Jumping, Dancing Feet

For the final week of Fall storytimes our theme was all about Feet.  We featured the letter F for Feet, but we read books about socks and shoes as well.  Originally I had wanted to do a theme with socks, but I was having trouble coming up with enough material that I liked, so I went the route of feet in general.  We talked about what you can do with your feet, walk run dance, eat? (some kids claim they do this) etc; then we talked about what you can put on your feet, socks and shoes.  This led to a discussion about the color of everyone's socks and shoes.  Sometimes when they get overly chatty like this I will say 'If your shoes sparkle, raise your hand... if your shoes do not light up raise your hand...' and so on for a minute or two so they can all get the participation bug out.  Usually it helps.

Our first story was Duck sock hop by Jane Kohuth.  This book kind of kicked off the theme when it came in on the new cart a few months ago.  I thought that it was a cute, rhyming story about a bunch of ducks who have a sock hop every week.  They start off with some great colorful and unique socks, but as the hops goes on the socks get destroyed.  The illustrations are simple and bold and feature fun, sock wearing ducks.  My Monday group did not seem too keen on this book, but they were probably coming off of a Halloween sugar high and the groups later in the week seemed to enjoy it more.

The second book that we read was Lindsey Craig's Dancing Feet.  This is a fun book about the dancing feet of various creatures.  It begins with the little ladybug's tippity feet and has other animals, such as the ducks with slappity feet and the elephant with stompity feet.  The feet are shown on one page with the full creature when you turn the page so it was fun for the kids to guess what the creature was.  At the end of the book there are kids with stompity feet, so we all stood up to do some stomping.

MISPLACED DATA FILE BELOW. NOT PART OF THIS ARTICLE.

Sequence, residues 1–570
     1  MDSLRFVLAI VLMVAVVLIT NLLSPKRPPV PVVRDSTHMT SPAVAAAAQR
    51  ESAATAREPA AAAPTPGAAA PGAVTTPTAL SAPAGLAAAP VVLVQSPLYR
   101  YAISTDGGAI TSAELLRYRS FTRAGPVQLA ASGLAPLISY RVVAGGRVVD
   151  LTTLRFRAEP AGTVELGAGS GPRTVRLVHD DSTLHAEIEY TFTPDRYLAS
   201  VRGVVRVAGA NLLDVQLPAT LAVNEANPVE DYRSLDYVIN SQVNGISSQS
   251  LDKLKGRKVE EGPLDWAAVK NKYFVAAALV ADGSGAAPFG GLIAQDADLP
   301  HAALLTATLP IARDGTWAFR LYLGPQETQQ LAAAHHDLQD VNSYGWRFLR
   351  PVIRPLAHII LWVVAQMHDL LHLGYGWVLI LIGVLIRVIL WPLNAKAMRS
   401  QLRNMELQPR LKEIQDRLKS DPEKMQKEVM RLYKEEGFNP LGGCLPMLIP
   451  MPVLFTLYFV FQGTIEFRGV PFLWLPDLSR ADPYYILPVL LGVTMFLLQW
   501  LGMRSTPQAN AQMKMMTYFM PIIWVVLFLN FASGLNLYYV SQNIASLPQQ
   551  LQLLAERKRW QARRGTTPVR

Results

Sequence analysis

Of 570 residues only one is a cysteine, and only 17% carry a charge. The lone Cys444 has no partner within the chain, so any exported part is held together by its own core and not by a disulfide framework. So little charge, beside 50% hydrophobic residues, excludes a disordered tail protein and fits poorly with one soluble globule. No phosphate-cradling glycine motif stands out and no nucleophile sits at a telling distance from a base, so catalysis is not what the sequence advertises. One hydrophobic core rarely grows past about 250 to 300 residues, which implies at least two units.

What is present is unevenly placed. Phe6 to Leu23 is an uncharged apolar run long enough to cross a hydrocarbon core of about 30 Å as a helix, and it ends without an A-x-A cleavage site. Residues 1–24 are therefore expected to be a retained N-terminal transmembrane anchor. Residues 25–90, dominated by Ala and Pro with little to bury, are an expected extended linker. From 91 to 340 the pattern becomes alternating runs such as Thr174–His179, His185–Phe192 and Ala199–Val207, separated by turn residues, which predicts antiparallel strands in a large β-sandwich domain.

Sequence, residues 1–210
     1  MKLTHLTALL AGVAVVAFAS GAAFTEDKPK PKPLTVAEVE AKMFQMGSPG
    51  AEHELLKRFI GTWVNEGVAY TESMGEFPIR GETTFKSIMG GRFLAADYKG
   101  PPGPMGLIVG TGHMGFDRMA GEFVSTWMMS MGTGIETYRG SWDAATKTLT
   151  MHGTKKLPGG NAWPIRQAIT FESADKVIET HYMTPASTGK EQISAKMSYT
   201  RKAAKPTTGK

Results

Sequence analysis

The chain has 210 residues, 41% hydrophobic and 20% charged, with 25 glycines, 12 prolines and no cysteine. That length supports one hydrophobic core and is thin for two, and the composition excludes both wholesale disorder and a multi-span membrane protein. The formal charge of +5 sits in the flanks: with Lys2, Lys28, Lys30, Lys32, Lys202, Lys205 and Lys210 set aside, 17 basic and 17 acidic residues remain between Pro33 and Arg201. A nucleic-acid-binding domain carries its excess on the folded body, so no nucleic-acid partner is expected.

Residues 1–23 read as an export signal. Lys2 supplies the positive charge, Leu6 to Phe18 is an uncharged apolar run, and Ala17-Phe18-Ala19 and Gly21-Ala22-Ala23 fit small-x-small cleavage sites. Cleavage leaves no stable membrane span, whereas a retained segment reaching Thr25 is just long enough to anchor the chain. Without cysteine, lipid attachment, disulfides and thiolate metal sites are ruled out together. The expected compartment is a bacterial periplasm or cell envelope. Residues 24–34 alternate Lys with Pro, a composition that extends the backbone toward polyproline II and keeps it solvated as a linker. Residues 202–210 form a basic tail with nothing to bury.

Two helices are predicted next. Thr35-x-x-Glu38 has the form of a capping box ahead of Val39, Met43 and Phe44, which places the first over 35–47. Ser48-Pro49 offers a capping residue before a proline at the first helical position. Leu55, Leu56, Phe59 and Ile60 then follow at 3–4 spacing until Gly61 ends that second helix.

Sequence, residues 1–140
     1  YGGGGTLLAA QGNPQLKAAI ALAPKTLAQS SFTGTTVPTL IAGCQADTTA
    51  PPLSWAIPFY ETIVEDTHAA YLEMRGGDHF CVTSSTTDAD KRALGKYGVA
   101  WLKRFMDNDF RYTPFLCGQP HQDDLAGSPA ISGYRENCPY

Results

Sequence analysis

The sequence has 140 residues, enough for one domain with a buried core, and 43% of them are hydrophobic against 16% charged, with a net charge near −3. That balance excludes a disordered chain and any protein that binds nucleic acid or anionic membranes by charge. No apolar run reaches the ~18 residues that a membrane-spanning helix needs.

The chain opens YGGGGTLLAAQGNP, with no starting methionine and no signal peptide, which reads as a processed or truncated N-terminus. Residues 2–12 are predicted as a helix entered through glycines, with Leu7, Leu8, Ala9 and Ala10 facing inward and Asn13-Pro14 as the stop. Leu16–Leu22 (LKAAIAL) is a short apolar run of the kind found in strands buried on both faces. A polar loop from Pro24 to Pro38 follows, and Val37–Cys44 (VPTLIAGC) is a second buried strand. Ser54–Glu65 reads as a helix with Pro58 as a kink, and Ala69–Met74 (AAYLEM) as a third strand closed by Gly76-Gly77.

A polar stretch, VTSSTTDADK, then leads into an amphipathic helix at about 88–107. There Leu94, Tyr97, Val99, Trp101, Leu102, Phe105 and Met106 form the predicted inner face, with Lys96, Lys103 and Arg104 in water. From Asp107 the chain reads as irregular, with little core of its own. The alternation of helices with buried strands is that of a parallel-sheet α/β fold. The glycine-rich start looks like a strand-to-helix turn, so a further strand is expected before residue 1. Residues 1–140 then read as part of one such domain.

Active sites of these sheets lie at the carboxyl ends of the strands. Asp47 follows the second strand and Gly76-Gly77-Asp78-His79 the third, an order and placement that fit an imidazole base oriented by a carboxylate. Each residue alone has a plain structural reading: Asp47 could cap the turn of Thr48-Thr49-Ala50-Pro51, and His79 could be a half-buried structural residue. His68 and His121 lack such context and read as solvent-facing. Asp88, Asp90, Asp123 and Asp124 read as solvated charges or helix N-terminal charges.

I decided to throw in Pete the Cat: I love my white shoes by Eric Litwin as our flannel story.  I try not to repeat books too often and I had read the book version of this one in the spring.  But, when it is a great story like this and I can do the flannel instead of the book I had to use it.  It felt wrong to do a theme about feet without including Pete.  If you are not familiar with this book you NEED to grab a copy RIGHT NOW.  Then, you can read all about Pete and his white shoes that get turned different colors when he walks through some piles of fruit and sing along with the catchy song.  I love this book and so do the kids.  Most of them were singing along with me.
For some of the groups I used this Pete I made for Pete the Cat and his four groovy buttons.
For other versions I used my generic Pete.
 To go along with our feet theme we used lots of jumping and dancing songs.  The Learning groove has Mr. Eric's jumping song.  This is a fun, very energetic song that gets the kids jumping, clapping, and  wiggling.  This song is fun, but it always leaves me short of breath.

So, we followed the jumping song with Carole Peterson's Tommy thumb is up.  This is a nice slow fingerplay song that you can do while sitting down and catching your breath before reading another story.

Carole Peterson also has the Shaker hop, which went well with our theme.  The music is the bunny hop tune, but instead you are putting shakers in and out and hopping, of course.

Sue Schnitzer's All the fish is not really hopping or dancing, but you do jump up at the end of each verse.  It is also a popular song with our storytime crowds, so I threw it in for the last week.

We have these great eye stickers, but the black dots are all different sizes.  So, our turkeys all looked a little crazed.
Because there were no feet crafts that appealed to me (other than those that involved painting feet and stepping on paper - a little too messy for 2 year olds in the library) we made turkeys.  Thanksgiving is only a few weeks away and parents appreciate those crafts that they can sit out as table decorations.  So, each kid got a turkey body to color and a paper plate to glue feathers onto.  They used a toilet paper roll to attach the two so that the turkey would stand up.  A few turkeys ended up a little top heavy with feathers, but in general most were able to stand on their own.   

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